I hear you, although I was comfortable with the article when I read it (and, to be clear, that was before it was published) because I don’t think it makes out that the threat here is super-critical, merely that it is an ever-present (ahem) background issue to be aware of.
To me, the biggest problem in giving away home life hints is not so much that the information leaked in a Zoom call might instantly prove to be the clue that reveals your password, but simply that what’s all around you in your life inevitably makes excellent “pretexting data” for future scammers and social engineers.
I suspect that a lot of people are still strongly influenced to accept someone as genuine on the grounds that “this person can’t be a hoaxer because they couldn’t possibly know all those bits of info about me otherwise.”
When it comes to macroeconomics, there’s a truism along the lines of, “Look after the pounds and the pence will take care of themselves.” There’s a variant of that used when someone is trying to convince you not to be sloppy about details, viz. “Look after the pence and the pounds will take care of themselves.”
Well, my own opinion is that in cybersecurity, things are a very different. “Look after the pounds. Look after the pence. And look after the shillings too, while you’re about it, because none of them will look after themselves.”
£2/10/6 Really? That’s $5.05 around here!
Related to birthdays… every site that has ever asked for mine (without a ‘legal’ reason to know) is told January 1st 1970. UNIX aficionados will know why!
When Australia decimalised its currency in the 1960s there were apparently three competing schemes.
One was the system used five years later in the UK itself, i.e. map 1 Pound -> 1 Dollar. (The UK had little choice but to go 1 Pound -> 1 Pound because it wasn’t introducing a new currency but simply re-subdividing an existing one.)
The second plan was to copy what South Africa had successfully done five years before, i.e. map 1 Pound -> 2 Dollars. This was a popular option because 1 shilling -> 10c, 2/- -> 20c and so on up to 10 bob -> $1/.
The third proposal was the funkiest, i.e. 8 shillings and fourpence -> 1 Dollar.
The last option is nowhere near as weird as it first seems, being simply 1 old penny -> 1 new cent. With 12 old pence in a shilling (and with 8×12 + 4 = 100), all the old coins would have “lined up” neatly with the new money and could therefore have circulated usably in parallel for a while.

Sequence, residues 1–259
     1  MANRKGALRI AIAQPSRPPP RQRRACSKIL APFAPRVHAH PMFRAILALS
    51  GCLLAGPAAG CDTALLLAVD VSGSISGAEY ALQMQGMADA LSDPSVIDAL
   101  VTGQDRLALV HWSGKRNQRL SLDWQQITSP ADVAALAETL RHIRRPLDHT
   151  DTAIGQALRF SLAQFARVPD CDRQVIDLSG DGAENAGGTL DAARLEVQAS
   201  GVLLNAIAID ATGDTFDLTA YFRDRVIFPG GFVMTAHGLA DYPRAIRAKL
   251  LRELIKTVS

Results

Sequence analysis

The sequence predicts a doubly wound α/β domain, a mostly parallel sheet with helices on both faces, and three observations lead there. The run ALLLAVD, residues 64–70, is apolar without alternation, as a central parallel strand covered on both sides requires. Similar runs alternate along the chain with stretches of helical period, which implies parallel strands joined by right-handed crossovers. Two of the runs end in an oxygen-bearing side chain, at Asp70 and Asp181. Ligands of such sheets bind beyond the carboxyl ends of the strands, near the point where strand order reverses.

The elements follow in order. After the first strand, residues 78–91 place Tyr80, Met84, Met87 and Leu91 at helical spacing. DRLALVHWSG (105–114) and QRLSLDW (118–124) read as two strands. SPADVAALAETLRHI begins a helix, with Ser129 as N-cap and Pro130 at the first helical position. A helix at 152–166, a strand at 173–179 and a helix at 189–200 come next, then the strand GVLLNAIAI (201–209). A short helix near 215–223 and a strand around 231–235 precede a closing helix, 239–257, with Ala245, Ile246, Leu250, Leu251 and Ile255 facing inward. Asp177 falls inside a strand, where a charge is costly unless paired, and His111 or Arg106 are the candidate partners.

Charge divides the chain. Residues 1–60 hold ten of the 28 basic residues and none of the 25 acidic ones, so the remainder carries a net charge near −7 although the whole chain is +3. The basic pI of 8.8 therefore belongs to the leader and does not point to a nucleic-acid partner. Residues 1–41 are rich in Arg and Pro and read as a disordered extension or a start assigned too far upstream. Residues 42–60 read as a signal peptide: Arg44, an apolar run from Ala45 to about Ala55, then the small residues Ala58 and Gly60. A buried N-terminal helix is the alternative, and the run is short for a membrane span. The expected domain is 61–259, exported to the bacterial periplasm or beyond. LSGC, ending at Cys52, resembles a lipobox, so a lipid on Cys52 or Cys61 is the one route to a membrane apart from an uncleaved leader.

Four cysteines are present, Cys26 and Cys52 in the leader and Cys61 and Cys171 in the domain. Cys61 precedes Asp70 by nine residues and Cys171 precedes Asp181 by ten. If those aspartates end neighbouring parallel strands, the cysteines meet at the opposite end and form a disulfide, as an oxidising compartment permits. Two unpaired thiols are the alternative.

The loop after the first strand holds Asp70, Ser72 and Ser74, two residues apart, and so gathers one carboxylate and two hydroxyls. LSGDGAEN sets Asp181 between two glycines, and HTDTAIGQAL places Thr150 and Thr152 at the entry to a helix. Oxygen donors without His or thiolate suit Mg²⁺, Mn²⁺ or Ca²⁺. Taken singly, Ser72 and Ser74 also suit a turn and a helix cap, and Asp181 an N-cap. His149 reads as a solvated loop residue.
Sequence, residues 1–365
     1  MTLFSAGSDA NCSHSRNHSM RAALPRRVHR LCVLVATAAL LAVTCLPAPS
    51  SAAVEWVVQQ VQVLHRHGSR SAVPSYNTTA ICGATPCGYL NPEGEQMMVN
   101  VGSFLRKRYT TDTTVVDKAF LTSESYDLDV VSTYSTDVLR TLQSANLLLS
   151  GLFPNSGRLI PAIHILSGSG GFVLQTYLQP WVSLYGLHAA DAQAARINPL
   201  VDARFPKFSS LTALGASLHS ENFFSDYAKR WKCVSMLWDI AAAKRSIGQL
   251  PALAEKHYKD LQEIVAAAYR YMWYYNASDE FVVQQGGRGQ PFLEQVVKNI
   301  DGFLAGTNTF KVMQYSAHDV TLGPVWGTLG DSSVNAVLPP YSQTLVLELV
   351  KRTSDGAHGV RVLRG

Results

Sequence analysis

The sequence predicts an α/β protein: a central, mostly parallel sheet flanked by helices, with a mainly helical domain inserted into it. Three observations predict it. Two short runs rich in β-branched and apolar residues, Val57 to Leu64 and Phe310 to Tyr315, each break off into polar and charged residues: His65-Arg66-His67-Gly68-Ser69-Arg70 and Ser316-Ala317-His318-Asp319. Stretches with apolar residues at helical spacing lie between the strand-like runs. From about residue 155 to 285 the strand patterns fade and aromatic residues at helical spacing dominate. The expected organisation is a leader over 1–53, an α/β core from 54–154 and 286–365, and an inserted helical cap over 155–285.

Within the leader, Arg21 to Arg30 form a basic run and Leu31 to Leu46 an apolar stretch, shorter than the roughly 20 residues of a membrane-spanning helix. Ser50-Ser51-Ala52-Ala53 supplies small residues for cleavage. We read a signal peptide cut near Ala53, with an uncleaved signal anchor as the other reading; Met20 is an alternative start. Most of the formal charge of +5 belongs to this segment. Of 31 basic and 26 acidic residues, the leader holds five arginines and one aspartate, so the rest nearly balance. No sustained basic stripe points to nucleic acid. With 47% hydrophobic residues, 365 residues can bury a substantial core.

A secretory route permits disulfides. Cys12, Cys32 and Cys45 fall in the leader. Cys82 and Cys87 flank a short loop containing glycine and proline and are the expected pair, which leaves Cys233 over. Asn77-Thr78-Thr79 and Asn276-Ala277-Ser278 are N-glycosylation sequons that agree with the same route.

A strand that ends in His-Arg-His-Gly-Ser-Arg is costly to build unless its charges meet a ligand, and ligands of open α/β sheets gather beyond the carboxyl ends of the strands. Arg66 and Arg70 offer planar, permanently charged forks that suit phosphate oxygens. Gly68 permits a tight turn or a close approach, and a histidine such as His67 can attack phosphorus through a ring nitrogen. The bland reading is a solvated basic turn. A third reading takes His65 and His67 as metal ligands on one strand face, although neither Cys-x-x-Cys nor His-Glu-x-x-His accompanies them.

As your comment shows via its calculation, the middle option (split the pound in half) was the one ultimately used.
I assume all unsolicited emails, phone calls and letters are scams until proven otherwise. An awful lot of scams get by because people think they must be important for Microsoft or some obscure bank to be contacting them. Some are very obvious – like a new one I saw today wh-ich h-ad be-en wri-tt-en li-ke this presumably because the scammer thought their standard scam text would be found by phrase matching software. However, I know full well that my bank would not write to me like that, so it takes my prize for being one of the most obvious scams yet (perhaps ties with emails starting “dearly beloved” – a phrase not in common use in my country for a century).
My Esteemed Sir, I hope you will not object if I offer you my most enthusiastic contrafibularities.
“dearly beloved” – a phrase not in common use in my country for a century
Unless you’re listening to 30-year-old Prince songs.
Phone scams are the worst, especially the ones claiming to be from a company you do business with, or as mentioned, the company you work for. With call spoofing the call can seem quite legitimate.
ALL of them, get the “I don’t know you from a fence post down the street. I will call the company directly. Thank you for your call.” followed by an immediate hang up.
P.S. gets rid of telemarketers too.
I regularly receive calls from “financial services” telemarketers INSISTING that I made an enquiry to them so that they can bypass anti-SPAM laws here in Australia.
I flat-out tell them, “You’re lying. And I would never in a million years deal with an organisation that lies to potential customers.”
Some companies do the weirdest things in the name of customer care. Like those mailing lists that, when you ask to be removed and carefully tick the reason on their survey form that says “I no longer wish to receive your emails because they make me want to be sick” (or words to that effect…
…then they immediately send you a happy, upbeat, cheery email [a] telling you how much they respect your decision to take a break from their annoying messages, [b] reminding you how easily you can resubscribe if your ill-will towards them ever subsides at some far off future time, and then [c] asking you if, in fact, you would like to RESUBSCRIBE AGAIN RIGHT AWAY AND THEREBY NOT MISS A SINGLE MINUTE OF THE UNBRIDLED EMAIL FUN THAT YOU ARE SURELY AND SECRETLY PINING FOR ALREADY.
It’s like that thing where you tell a 6-year-old to stop banging that table with their spoon and they instantly obey. And then very carefully and neutrally do one last tap, at a moment that is perfectly timed to be simultaneously inadvertent and insolent; accidental and aggressive. What to do? :-)
You should recall that you were probably the same at the same age… you should probably also recall that you were permitted to live!
Which raises the question – was I talking as a parent or reminiscing as a child? Who can say? :-)
No one can say unequivocally.
However everyone here reading (and we’re all friends here Duck), knows that Passionate Security Proseletytisers are lifelong Testers of the System. It’s in their DNA.
I use an old green tablecloth that I drop down to cover the wall behind me and then use a virtual background so that (a) there is nothing I might inadvertently give away and (b) it helps look professional. I have had to a series of long meetings where people must be on their own in a room for security, and I have seen things in people’s bedrooms that I would rather not see. At least my approach saves me causing participants embarrassment.
I got the best call the other day on my cell phone! I love how they are trying to make it look like local area codes. It came through Culpepper. VA, then said this is Customs and Boarder Protection. A package in your name has been seized with drugs and cash. To speak with us IMMEDIATELY press 1, LOLOLOL